• For (1), there is a block or non blocking option for the waitpid call. As per here. stackoverflow.com/questions/51094945/…
    – Chai Ang
    Dec 21 '20 at 4:02
1

wait() is an outdated UNIX system call from the 1970s and waitpid() is an outdated UNIX system call from the 1980s.

In 1988, the superior interface waitid() has been introduced.

signal() is also an outdated interface from the 1970s. The recent interface is called sigaction() and allows to control the behavior of signals. A typical call in your case would be:

    struct sigaction sa; 

    sa.sa_sigaction = handler; 
    sigemptyset(&sa.sa_mask); 
    sa.sa_flags = SA_RESTART|SA_SIGINFO; 

    sigaction(SIGCHLD, &sa, NULL); 

If you add SA_NOCLDWAIT to sa.sa_flags, you do not need to call wait*() at all and the system will not keep zombie processes until a wait*() call is made.

If you add SA_NOCLDSTOP, the SIGCHLD handler will not be called if a cild process exits.

If a SIGCHLDis generated, that would call a function:

void handler(int sig, siginfo_t *sip, void *context)

when a child process died. The parameter sig is filled with the signal number SIGCHLD and the second parameter is filled with the same information as you get from a call to waitid(), as in:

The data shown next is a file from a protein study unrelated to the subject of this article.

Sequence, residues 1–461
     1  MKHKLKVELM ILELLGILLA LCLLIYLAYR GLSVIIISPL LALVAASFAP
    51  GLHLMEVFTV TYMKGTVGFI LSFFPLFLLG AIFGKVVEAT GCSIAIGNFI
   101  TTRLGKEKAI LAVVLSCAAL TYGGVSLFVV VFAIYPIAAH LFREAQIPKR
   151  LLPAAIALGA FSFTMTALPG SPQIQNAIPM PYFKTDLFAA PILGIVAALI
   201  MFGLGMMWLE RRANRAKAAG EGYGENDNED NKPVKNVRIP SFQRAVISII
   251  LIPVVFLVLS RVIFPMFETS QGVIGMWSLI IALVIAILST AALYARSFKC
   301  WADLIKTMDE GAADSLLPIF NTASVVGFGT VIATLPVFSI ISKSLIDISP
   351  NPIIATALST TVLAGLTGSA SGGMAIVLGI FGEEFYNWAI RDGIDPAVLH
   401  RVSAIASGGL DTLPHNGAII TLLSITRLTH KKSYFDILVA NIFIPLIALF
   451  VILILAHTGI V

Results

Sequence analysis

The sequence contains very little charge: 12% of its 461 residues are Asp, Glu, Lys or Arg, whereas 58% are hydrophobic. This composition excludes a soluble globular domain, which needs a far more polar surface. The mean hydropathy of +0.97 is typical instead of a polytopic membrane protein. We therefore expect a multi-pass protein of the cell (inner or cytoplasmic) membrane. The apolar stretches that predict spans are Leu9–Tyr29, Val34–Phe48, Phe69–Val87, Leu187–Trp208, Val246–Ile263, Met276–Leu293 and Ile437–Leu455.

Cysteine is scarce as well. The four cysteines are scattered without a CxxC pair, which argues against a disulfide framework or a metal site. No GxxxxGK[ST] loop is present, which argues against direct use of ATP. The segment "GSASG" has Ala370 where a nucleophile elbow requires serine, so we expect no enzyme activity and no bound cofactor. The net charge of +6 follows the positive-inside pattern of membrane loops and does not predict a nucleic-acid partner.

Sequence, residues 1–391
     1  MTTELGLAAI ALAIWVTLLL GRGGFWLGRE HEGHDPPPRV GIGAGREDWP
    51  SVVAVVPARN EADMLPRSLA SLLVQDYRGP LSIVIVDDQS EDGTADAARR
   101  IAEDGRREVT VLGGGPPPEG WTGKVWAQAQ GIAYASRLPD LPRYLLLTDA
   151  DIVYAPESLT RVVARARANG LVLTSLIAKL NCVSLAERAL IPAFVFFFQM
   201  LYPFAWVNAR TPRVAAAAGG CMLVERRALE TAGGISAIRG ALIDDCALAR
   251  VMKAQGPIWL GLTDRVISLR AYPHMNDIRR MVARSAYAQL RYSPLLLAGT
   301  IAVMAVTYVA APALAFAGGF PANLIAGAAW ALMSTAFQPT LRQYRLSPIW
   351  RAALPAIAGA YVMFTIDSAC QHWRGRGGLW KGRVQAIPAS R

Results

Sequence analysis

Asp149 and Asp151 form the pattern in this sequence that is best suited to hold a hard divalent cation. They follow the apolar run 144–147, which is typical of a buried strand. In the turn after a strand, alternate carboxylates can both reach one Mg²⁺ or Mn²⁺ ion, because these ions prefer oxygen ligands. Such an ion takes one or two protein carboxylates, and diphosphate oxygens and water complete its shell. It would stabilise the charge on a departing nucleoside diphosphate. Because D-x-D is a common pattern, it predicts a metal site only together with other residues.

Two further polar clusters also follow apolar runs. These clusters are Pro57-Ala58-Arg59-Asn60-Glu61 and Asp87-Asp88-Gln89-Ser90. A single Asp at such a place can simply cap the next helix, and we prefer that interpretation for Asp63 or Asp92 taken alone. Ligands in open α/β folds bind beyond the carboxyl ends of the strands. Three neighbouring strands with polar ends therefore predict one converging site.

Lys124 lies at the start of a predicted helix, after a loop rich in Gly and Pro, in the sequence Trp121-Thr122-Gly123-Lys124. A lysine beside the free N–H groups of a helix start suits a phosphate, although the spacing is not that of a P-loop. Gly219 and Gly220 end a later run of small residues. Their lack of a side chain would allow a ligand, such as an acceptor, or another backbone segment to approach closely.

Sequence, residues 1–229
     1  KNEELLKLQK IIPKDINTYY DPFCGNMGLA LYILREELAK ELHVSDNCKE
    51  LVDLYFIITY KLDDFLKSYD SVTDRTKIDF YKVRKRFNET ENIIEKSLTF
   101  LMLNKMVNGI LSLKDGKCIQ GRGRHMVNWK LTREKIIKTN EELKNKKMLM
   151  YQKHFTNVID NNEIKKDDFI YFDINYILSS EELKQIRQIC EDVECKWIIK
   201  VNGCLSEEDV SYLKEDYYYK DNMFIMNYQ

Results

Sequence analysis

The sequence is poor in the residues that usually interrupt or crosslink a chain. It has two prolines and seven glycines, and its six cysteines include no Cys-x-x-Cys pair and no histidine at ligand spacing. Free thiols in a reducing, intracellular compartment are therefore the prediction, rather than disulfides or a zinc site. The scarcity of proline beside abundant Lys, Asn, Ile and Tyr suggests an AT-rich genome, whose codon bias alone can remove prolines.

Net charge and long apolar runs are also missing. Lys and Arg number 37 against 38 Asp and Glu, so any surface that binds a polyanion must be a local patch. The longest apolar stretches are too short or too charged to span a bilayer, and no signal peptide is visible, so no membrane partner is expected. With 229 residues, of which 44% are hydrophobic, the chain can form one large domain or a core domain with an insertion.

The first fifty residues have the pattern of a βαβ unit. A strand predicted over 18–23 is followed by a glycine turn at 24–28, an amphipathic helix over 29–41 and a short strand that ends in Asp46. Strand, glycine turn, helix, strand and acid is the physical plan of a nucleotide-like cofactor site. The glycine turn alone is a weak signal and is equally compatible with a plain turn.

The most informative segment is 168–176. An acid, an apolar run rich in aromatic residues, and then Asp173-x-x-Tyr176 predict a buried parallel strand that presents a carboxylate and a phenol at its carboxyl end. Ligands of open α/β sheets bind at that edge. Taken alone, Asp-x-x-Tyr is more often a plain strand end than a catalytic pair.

struct siginfo si;

ret = waitid(P_PID, pid, &si, WEXITED|WSTOPPED|WTRAPPED);

So if you are not interested in the status of the childs, it is possible to tell the system and if you are not interested in calling wait*(), but still like to get the process status, you can tell the system and use the information from the second parameter of the signal handler function.

When a child process died and struct siginfo is examined, the following fields are filled out:

si.si_signo   /* The signal number SIGCHLD */
si.si_code    /* The reason for the child to exit */
si.si_status  /* Either the parameter to exit(r) or signal number */
si.si_pid     /* The process is of the child that died */

If si.si_code contains the value CLD_EXITED, then si.si_status (on a POSIX system) contains the full 32 bits of the exit() code.

If si.si_code contains CLD_KILLED, CLD_DUMPED, CLD_TRAPPED, CLD_STOPPED or CLD_CONTINUED, then si.si_code contains the signal number that caused the status change.

0

I dont have enough points to comment but this should answer your question.

https://www.tutorialspoint.com/unix_system_calls/waitpid.htm#:~:text=The%20waitpid()%20system%20call,options%20argument%2C%20as%20described%20below.

The signal raised will trigger the handler function you set for that specific signal type, which is SIGCHLD in your example.

Example here. https://stackoverflow.com/questions/13792900/signal-and-sigchld-what-does-it-do

As you can see in the link just above, the wait() doesnt have to be inside the handler.

That just waits for the child process to terminate.

So basically, there is no direct relationship as such, just that a SIGCHLD signal will be generated when a forked child process dies and that a wait() will wait till the child process terminates properly.